Aside from CINV, a small study (n = 13) found a modest effect of smoked marijuana (2.11% THC) in reducing ipecac-induced emesis, which is caused by activation of emetic sensory receptors at the proximal small intestines and central stimulation of the medullary chemotherapy trigger zone. 70,71 However, the study also found that ondansetron was a more effective antiemetic as it completely eliminated emetic effects of ipecac, which, again, suggests that cannabinoids may not offer an advantage over conventional antiemetics. Further studies are still necessary to determine whether cannabinoids are effective for causes of nausea and vomiting beyond CINV and to advise on the optimal THC and CBD ratio to mitigate cannabinoid adverse effects.


As a manifestation of uremic syndrome, anorexia progressively leads to malnutrition, cachexia, and poor QOL toward later stages of CKD. The cause of uremic anorexia is multifaceted and arises from a combination of increased anorexigenic compounds and cytokines such as TNF-alpha, pro-inflammatory substances, and disturbances in amino acid concentrations in the central nervous system, which triggers the synthesis of serotonin, an appetite suppressant. 72 THC induces appetite by activating CB1 receptors centrally in the hypothalamic region responsible for homeostatic regulation of feeding and peripherally to signal the nutritional state of the gut and lipogenesis. 73,74

The use of cannabinoids for anorexia has only been studied in the context of AIDS and HIV wasting syndrome, cancer, and anorexia nervosa, but has not been explored in uremic anorexia.

In adults with cancer-related anorexia-cachexia syndrome, a double-blinded RCT (n = 243) demonstrated no differences in appetite or QOL between a natural cannabis extract of 2.5 mg THC and 1 mg CBD, 2.5 mg THC, and placebo administered orally twice a day for 6 weeks 75 (level of evidence 1b). Due to insufficient differences between study arms, patient recruitment was terminated early on the recommendation of an independent data review committee.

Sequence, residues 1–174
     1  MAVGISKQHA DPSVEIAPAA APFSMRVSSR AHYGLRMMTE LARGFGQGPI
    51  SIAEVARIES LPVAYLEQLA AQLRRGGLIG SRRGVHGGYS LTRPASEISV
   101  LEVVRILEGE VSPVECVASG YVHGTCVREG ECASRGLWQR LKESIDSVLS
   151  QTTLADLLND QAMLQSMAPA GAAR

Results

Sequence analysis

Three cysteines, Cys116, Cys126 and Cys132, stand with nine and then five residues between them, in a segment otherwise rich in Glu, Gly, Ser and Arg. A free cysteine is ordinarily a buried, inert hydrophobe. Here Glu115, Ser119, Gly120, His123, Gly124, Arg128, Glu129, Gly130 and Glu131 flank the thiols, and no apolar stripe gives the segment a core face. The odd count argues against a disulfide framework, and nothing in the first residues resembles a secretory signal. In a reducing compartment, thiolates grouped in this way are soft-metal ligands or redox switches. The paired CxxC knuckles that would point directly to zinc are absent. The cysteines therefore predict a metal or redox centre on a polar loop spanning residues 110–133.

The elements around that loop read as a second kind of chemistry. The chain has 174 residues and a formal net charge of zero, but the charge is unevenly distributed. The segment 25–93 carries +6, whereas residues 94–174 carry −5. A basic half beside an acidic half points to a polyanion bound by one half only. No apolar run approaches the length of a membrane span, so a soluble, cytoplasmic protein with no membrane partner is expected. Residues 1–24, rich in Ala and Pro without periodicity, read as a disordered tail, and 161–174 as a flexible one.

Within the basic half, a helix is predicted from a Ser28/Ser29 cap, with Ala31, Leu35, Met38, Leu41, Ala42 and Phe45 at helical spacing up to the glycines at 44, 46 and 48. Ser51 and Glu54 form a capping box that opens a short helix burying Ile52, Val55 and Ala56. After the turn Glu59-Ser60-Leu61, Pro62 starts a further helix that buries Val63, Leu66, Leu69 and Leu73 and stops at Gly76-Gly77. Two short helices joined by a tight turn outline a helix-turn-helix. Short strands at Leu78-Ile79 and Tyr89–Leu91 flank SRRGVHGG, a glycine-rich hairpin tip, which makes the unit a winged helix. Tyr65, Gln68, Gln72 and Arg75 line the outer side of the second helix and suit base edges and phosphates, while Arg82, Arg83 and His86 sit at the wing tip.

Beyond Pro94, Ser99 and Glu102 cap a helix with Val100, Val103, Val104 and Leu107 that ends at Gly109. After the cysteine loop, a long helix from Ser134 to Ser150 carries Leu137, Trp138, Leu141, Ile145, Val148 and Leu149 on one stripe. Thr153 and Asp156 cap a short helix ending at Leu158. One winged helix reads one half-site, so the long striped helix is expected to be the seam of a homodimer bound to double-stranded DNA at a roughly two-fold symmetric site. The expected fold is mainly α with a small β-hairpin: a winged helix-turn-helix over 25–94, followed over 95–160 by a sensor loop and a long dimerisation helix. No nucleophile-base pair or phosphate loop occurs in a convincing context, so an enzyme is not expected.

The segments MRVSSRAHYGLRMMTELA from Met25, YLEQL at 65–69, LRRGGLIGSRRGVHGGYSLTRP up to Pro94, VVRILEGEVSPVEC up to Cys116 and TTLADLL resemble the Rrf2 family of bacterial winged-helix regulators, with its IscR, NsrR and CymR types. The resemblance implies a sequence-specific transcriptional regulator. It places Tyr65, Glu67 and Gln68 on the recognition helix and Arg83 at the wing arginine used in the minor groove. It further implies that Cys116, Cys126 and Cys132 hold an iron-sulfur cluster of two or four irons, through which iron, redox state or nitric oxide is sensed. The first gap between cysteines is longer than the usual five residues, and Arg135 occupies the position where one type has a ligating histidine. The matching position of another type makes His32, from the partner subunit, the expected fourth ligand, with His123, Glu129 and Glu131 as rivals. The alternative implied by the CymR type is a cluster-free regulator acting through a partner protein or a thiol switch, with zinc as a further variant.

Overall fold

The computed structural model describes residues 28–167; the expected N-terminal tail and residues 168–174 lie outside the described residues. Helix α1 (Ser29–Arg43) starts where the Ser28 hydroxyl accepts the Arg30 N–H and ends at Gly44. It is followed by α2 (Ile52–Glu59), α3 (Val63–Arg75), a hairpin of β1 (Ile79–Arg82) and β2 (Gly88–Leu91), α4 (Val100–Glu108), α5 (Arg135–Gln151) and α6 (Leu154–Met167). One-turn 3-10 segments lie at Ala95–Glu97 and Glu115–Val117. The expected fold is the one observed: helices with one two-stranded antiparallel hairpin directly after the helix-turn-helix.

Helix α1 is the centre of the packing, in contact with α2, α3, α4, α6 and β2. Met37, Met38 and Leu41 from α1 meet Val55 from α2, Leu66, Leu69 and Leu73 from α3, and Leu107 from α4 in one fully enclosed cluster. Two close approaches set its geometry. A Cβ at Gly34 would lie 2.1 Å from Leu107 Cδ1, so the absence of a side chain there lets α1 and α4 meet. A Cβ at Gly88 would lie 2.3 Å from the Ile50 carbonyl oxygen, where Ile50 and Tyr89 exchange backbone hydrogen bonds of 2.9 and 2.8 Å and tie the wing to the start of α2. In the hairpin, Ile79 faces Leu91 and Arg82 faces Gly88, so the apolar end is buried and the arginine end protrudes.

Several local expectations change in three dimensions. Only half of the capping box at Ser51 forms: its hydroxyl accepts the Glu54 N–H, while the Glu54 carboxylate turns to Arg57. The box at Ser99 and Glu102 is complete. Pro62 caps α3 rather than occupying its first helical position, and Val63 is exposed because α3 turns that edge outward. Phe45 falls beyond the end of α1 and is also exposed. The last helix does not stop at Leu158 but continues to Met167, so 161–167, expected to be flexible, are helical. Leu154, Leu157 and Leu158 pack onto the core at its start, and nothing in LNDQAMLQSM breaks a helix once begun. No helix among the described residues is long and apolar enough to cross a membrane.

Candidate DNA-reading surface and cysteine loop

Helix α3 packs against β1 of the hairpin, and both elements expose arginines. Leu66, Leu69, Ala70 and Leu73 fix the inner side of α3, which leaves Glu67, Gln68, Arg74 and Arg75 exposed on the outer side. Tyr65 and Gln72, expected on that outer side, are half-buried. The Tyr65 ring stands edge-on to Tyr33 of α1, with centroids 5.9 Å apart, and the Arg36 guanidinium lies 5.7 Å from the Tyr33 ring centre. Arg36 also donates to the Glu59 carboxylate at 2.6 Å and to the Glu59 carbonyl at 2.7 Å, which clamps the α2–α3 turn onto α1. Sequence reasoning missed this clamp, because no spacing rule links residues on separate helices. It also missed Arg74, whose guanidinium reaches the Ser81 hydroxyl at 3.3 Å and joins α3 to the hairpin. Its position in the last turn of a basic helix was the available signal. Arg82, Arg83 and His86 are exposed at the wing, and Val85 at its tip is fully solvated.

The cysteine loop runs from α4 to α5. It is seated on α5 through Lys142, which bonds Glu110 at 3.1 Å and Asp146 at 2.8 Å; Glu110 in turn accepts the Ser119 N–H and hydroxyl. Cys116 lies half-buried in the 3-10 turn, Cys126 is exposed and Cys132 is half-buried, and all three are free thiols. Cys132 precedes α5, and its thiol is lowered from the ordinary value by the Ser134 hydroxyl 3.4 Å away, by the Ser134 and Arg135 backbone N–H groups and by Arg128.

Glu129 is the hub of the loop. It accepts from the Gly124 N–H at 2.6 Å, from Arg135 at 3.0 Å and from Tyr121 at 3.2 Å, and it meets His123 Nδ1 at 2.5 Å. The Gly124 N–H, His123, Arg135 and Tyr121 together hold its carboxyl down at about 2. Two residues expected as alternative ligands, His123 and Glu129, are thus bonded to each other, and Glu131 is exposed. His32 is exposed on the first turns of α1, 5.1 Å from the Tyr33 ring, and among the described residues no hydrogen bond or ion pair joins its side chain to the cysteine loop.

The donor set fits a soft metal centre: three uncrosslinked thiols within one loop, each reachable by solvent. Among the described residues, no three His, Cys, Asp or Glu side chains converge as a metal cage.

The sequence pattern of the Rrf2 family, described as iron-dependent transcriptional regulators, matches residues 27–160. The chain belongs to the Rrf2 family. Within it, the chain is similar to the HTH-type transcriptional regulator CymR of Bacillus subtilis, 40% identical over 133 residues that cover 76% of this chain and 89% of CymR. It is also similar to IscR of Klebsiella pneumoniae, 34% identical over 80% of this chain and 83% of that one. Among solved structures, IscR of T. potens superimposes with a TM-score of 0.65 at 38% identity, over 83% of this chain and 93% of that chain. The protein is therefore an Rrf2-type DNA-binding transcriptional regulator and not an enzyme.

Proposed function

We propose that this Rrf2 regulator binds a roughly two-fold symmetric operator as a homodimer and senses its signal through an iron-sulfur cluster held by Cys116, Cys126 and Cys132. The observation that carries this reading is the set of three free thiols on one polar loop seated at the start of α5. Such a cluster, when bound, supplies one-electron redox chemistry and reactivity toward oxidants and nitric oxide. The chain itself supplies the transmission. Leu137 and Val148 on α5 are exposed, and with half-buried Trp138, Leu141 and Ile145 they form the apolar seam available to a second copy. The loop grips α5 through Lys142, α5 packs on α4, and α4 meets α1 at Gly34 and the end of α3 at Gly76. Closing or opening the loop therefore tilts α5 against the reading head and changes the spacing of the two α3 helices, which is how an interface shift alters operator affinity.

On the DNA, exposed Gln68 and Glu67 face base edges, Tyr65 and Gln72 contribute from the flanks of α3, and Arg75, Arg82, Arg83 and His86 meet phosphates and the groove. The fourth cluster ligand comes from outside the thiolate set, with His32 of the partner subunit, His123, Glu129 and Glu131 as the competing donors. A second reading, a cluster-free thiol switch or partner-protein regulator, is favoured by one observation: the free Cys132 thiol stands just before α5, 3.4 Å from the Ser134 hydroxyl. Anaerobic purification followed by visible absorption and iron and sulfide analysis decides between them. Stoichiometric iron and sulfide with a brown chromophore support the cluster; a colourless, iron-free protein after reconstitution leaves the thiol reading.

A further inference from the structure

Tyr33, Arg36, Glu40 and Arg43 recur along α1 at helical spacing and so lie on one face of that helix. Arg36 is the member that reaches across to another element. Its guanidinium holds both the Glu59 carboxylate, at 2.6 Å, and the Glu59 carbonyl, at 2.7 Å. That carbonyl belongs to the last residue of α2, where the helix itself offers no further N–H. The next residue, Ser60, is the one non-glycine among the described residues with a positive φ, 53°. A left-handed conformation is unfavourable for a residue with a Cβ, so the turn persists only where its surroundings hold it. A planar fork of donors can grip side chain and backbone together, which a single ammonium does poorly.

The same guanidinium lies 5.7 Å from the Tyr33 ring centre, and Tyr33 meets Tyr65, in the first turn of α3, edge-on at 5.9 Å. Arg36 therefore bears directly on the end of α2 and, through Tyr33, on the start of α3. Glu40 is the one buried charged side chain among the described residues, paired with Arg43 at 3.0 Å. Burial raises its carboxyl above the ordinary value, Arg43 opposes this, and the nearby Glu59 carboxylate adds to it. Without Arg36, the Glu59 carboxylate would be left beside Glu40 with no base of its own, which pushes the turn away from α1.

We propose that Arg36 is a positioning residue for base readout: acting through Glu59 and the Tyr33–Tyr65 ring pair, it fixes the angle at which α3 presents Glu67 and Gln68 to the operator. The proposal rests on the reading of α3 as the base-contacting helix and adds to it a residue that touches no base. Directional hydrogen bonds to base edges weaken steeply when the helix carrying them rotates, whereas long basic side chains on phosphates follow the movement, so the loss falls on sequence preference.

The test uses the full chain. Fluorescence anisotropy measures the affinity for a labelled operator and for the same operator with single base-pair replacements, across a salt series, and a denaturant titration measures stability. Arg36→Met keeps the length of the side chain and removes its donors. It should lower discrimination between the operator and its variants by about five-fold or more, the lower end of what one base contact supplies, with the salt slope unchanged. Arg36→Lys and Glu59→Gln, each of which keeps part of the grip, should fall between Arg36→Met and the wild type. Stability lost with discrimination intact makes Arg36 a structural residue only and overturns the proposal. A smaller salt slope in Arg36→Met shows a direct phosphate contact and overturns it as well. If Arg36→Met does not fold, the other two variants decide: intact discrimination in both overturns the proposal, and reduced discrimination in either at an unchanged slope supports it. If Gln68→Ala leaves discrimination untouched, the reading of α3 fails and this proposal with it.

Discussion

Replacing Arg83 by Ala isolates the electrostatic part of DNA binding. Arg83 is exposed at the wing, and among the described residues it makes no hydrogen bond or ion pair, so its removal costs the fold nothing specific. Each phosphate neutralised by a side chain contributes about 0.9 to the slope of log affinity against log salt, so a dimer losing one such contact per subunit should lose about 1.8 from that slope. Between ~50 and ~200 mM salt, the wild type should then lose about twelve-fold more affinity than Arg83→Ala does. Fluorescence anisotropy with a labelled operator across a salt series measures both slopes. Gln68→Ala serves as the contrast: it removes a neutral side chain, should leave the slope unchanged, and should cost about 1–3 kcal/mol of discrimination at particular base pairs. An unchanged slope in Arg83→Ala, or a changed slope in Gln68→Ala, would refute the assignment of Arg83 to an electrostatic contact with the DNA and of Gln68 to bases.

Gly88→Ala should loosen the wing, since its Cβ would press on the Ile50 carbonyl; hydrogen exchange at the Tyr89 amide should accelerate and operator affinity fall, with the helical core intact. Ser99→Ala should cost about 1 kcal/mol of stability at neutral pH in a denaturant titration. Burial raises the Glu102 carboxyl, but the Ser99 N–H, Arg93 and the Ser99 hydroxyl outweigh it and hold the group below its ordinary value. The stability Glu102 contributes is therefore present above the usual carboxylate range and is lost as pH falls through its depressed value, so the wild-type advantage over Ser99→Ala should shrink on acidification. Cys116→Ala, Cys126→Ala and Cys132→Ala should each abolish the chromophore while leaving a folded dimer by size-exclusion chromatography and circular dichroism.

In HIV-associated wasting syndrome, 2 small within-subjects studies (total n = 40) demonstrated a significant dose-dependent effect on increasing caloric intake and body weight with smoked marijuana (up to 3.9% THC) and oral dronabinol (up to 40 mg daily) through increased frequency of daily food intake and proportion of daily calories from fat intake (level of evidence 2b). 76,77 Significant weight gain for nonsynthetic cannabinoids in HIV- and AIDS-associated wasting syndrome was also observed as a secondary outcome in a 3-week RCT (n = 67) that compared smoked marijuana (3.95% THC, up to 3 cigarettes per day) (3.0 kg, P = .021), dronabinol 2.5 mg orally 3 times daily (3.2 kg, P = .004), and oral placebo (1.1 kg). 78 While synthetic cannabinoids such as dronabinol have been Food and Drug Administration (FDA) approved for this indication, the primary study behind the approval was a 6-week RCT (n = 139) with a mean weight gain of only 0.1 kg in the dronabinol group compared with a weight loss of 0.4 kg in the placebo group over 6 weeks (95% CI = 0.72-6.06) (level of evidence 2b). 79 The high risk for attrition bias from protocol violations in the placebo group (presence of cannabinoids in urine in placebo group) and the brevity of the study duration warrant cautious interpretation of the benefits shown in the study.

Studies evaluating nonsynthetic cannabinoids in anorexia nervosa were not identified, but a small double-blinded crossover RCT found benefit with a synthetic cannabinoid. Dronabinol 2.5 mg PO bid for 4 weeks resulted in significant weight gain of 1 kg compared with placebo. 80